An editorial from the Hampton Union, May 13, 2003[courtesy of the Hampton Union and Seacoast Online.]
The recipe for a successful warrant article goes like this: Make sure whatever you are asking money for is well run; keep the goals and costs reasonable; do at least some fund-raising to show you are willing to work for what you want; ask community members what their opinions are for the future of your project and listen to what they say; and be patient.
On all counts the trustees for the Lane Memorial Library in Hampton are following this recipe to a T as they have taken many of the right steps as they prepare to come to the town with a request for money to upgrade the library’s facilities. Libraries are a great indicator of the vitality of a community and the importance they place on not only intellectual pursuits, but also maintaining the heritage of the community.
Libraries, beyond being repositories for books are often times responsible for the safeguarding of many of the community’s important documents and historical data. Therefore, it is important for communities to support their libraries even if they do not often use them.
It is also incumbent upon public libraries and all others who make a request for additional funding from the community to ensure that they do so with the community’s ideals and interests in mind. By doing so the library or other entity will ensure that the proposal they bring forward will match the expectation of community members and what they feel they are willing to financially support.
The trustees of the Lane Library, by sending out a survey to residents on their planned upgrades, are ensuring that they and others in the community are on the same page. In their survey, the trustees ask taxpayers what they view are the library’s needs, what the current facility lacks, and what direction the renovations should take. In doing so the trustees are giving a great amount of control over this issue to their patrons and will be able to develop a plan that accurately reflects what the community is willing to support.
To this end we would also suggest to all residents of Hampton, whether you are a regular user of the library or not, to go to the library and pick up a survey. Let them know how you believe the library should grow and be improved.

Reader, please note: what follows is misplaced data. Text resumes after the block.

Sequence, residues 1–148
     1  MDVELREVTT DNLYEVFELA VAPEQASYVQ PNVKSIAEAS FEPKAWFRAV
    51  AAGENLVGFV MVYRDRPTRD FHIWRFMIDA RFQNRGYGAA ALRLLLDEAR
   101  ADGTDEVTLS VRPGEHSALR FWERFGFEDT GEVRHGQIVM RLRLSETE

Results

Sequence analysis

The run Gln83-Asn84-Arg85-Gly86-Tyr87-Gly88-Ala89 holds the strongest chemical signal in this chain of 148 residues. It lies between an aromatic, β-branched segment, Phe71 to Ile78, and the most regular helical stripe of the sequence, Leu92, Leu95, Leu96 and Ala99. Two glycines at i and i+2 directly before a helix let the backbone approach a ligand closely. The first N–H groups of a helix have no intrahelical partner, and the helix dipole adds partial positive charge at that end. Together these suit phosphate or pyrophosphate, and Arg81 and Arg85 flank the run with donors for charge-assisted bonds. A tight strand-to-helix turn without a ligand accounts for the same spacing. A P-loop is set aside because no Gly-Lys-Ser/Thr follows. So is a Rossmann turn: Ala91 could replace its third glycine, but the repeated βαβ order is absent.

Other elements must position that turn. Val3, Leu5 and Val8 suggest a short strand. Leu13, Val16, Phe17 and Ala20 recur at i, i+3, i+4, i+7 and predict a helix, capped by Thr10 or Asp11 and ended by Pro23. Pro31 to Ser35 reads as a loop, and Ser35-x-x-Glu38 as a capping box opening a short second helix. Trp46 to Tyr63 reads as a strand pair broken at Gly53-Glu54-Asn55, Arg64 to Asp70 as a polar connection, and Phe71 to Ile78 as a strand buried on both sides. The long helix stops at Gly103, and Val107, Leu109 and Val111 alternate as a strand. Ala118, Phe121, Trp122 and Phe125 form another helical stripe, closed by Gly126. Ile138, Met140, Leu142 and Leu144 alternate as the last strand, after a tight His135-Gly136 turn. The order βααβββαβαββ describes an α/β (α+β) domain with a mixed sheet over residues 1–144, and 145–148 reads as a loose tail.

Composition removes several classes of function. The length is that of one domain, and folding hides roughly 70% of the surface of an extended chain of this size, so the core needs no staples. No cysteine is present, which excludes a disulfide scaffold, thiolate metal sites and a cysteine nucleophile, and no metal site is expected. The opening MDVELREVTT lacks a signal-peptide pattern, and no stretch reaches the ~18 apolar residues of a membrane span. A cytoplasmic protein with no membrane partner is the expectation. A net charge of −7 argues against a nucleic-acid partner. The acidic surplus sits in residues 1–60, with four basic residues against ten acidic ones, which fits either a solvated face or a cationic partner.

Beyond information-gathering the library is also in the process of raising much of the $1 million it will need on its own. Such a display of effort should prove to the community that the trustees and other supporters of the library truly believe in what they are doing and that supporting the future of the library is important.
We would also like to point out that the Lane Library is very well run. Its resources are put to good use, well maintained, and thorough. Not all communities are able to say that they possess a library as vibrant and relevant as in Hampton.
While we have not yet seen the library’s proposal for its improvements, the process leading to that proposal deserves our support and recognition. The effort put in should also be considered as residents go to vote on a potential warrant article for the library at next year’s Town Meeting.
Library clarifies editorial to community members
A letter to the editor from Lenore Patton, Trustee Chair, the Hampton Union, May 16, 2003The Trustees of the Lane Memorial Library were very pleased to read the editorial in support of the library in Tuesday's Hampton Union. We have tried to be cautious and deliberative in our planning and decision making. We always keep in mind that the library belongs to all the people of Hampton and that we are merely caretakers. That is why we decided to involve the community in the planning of our renovation and improvement project. We are gratified by the response to our survey and the strong support we are receiving from respondents.
In order to be certain that all in the community understand our plans thus far, we would like to clarify two points that were mentioned in your editorial. Although we do not yet have an accurate estimate for the project, we do expect the total cost of the renovations to be below the $1,000,000 figure you mentioned. However, although we plan to continue private fund-raising so that the Hampton voters do not have to bear the complete cost of the project, we do not expect to be able to raise the bulk of the money privately. We do promise to do our best to make the burden on the residents as light as possible, but it is far too early to determine the extent of our private contributions.
Hampton residents who have questiones or who would like to comment about this project are encouraged to contact any of the library Trustees. Working together, we can insure that the Lane Memorial Library continues to serve the needs of all our citizens for many generations to come.
LANE MEMORIAL LIBRARY TRUSTEES